Philip Glass: 25 Years after ‘Einstein On The Beach’
FRANK J. OTERI: You still actively play your earlier music…
PHILIP GLASS: The active repertoire of the Ensemble dates from ’69. When we say active, I mean we don’t just play it once in a while. We did Music in Twelve Parts this summer which is from winter ’74; we played a complete version of it. Music in Similar Motion of ’69 we’ve often played. Then there are these pieces from Einstein that we play all the time. That’s ’76. Pieces from Koyaanisqatsi in the ’80s and Powaqqatsi, that’s the ’80s…We play that all the time.
FRANK J. OTERI: So when you go back to these older pieces, do you feel like you’re re-examining the past?
PHILIP GLASS: Well, we never stopped playing them. It’s not like I opened a closet and the score of Similar Motion hit me over the head and I said, “Oh, look what I found!” I mean, we’ve been playing it all along. And I’ve had the great fortune or maybe the right idea of having an ensemble that’s been playing continuously for thirty years. Over thirty years, we’ve played 1,500 concerts. That averages about 50 a year, and we didn’t play that many the first few years. We’re playing five concerts this week. We’re playing five concerts next week. We’re playing five concerts the week after that. We do a lot of concerts. And in the course of a year we will do what we call retrospective concerts that will come up in the course of the year, every year. So, I haven’t had to rediscover the work, the work’s become a part of the repertoire. I’ve always said that the Ensemble was really the library. Of course, the players are wonderful and they’ve been with me for a while. People like Jon Gibson, and Richard and Michael, fantastic musicians! What I put into the library is what the repertoire is. The fact is we’ve been together longer than most string quartets and we play better than most string quartets for that reason. It’s real chamber music on a very high level of performance. What do I feel like when I play, let’s say, Music in Similar Motion, 1969? It’s a terrifically energetic piece. We love to play it. The energy of the piece is infectious. We all pick up on it and I feel like there’s a young guy who was thirty years old, who’s talking to me, you know, when we’re playing and that happened to be me. But where is he now? I have no idea. He’s nowhere in sight as far as I can tell, but when I play the piece, the wonderful thing about music is that we play a piece from ’76, from ’84, and whatever kind of emotional, psychological or spiritual entity that made that work, simply comes back. It’s like turning a thumbprint into a whole person. It just comes right back and there it is. And sometimes it’s shocking. It’s very exciting to do especially since, when I listen to those pieces, I can’t imagine being able to write them today. I have no interest in writing them today and I wouldn’t even know how to do it. I couldn’t sit down and write Einstein again. I mean, I know technically how to do it, but I could never sit down to do it again. And that would be true of Music in Twelve Parts and for most all of the early pieces. That generally tends to be what I do. The new work, for example, the music I’ve done for these film shorts, it’s all new work. That’s what I can do now. I can play the old pieces. I can’t compose the old pieces, but I can play them. And so it’s a wonderful passageway into my own history and it’s a surprising one. I suppose that the other players in the Ensemble must feel that to some degree.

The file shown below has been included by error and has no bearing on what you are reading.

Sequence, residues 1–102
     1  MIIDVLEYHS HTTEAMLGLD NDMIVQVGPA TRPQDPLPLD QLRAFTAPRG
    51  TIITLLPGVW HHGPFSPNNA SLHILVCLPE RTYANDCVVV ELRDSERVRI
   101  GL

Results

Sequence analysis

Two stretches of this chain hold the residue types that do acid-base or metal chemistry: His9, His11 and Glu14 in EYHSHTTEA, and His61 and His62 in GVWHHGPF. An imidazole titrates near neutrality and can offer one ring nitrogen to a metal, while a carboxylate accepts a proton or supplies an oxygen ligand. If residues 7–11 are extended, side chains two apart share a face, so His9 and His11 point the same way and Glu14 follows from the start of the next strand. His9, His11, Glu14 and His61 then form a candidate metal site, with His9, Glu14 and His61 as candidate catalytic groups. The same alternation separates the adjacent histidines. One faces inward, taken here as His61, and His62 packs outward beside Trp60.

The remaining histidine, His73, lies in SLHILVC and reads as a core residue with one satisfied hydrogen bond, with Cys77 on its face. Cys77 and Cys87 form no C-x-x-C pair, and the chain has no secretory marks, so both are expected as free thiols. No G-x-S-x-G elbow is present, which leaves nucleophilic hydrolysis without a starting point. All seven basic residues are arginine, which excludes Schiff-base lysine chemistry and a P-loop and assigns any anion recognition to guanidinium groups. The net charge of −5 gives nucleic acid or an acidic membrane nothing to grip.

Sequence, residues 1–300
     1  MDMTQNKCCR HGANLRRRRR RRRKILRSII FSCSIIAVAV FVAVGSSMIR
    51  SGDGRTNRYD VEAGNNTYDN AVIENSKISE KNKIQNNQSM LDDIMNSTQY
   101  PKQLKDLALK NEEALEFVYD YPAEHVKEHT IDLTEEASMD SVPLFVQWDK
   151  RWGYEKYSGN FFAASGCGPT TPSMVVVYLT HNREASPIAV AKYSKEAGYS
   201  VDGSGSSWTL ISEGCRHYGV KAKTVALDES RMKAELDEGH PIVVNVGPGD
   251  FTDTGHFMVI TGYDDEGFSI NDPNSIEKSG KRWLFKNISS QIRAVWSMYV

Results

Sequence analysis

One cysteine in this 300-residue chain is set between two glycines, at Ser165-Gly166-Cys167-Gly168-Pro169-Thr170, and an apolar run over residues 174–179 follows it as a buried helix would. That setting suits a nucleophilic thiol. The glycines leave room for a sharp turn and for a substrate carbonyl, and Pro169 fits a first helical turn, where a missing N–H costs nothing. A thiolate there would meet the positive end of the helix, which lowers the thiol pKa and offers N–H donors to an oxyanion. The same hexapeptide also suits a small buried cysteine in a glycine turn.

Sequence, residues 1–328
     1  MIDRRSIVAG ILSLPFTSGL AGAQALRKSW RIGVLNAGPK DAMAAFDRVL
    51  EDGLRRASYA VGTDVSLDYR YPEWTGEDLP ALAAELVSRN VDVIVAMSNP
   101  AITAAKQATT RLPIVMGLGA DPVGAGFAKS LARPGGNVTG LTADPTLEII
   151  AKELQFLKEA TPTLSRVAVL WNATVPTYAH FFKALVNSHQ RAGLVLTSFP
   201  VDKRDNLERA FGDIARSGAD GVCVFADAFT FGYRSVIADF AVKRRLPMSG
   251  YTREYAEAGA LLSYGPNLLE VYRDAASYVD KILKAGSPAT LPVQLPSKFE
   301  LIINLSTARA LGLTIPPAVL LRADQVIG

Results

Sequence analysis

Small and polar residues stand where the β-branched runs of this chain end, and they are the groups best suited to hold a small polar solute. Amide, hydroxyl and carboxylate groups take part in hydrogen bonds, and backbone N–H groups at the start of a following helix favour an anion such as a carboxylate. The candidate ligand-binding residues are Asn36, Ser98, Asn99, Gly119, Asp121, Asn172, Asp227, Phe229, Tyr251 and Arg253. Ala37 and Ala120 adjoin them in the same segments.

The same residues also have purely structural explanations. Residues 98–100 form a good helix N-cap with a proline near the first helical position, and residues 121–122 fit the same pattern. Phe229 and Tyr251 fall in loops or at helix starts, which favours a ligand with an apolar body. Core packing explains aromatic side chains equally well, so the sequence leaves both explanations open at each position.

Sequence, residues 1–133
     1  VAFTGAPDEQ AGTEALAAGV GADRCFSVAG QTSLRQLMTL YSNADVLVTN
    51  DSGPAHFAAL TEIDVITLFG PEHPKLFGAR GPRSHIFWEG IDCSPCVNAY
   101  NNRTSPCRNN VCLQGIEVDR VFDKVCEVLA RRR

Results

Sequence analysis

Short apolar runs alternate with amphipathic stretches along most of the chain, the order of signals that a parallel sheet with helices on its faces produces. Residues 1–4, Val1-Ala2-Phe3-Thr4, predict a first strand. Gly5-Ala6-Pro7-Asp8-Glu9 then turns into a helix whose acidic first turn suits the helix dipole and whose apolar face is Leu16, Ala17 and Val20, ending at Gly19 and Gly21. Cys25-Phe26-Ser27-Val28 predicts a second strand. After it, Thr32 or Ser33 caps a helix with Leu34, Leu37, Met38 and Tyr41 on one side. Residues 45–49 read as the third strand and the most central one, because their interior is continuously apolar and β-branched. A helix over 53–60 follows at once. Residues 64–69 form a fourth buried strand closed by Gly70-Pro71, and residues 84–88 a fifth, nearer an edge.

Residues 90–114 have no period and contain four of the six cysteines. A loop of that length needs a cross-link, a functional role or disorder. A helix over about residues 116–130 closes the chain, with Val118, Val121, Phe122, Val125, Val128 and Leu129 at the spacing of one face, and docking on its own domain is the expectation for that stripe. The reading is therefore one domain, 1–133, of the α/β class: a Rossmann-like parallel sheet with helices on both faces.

FRANK J. OTERI: Well, what’s interesting, you know, you’ve frequently said this, the music you’re writing now is so different from the music you’ve written in the past and certainly the music that established your career is very different from the music that you were writing in the years before when you were at Juilliard and when you studied with Boulanger, but are there elements that you feel run through all this work that make it all music by Philip Glass?
PHILIP GLASS: I’m sure there are, but that’s the hardest thing to tell. It’s like looking in the mirror and saying what makes you look the way you look. In fact, we spent a lot of our time, composers and artists, trying to figure out what are those qualities that are distinctively you. In my case, I do it for maybe a somewhat different reason. I’ve always said that the hardest thing for a composer is not to find the voice. I tell this to students all the time. I was just in Austin, Texas, and I was meeting some honors students in the Museum of Art and I said, “I know you’re all worried about finding your voice.” I said, “That’s the easy part. And you’ll do that when you’re thirty…inevitably you’ll do it. The hard thing is getting rid of it and you’ll spend the rest of your life trying to get rid of everything you thought you needed.” And this is the issue. The whole issue of the taboos that we create for ourselves. The things that we will not do, that we don’t allow ourselves to do. I mean, you can say, you can define a person’s style negatively in terms of all the things they aren’t able to do.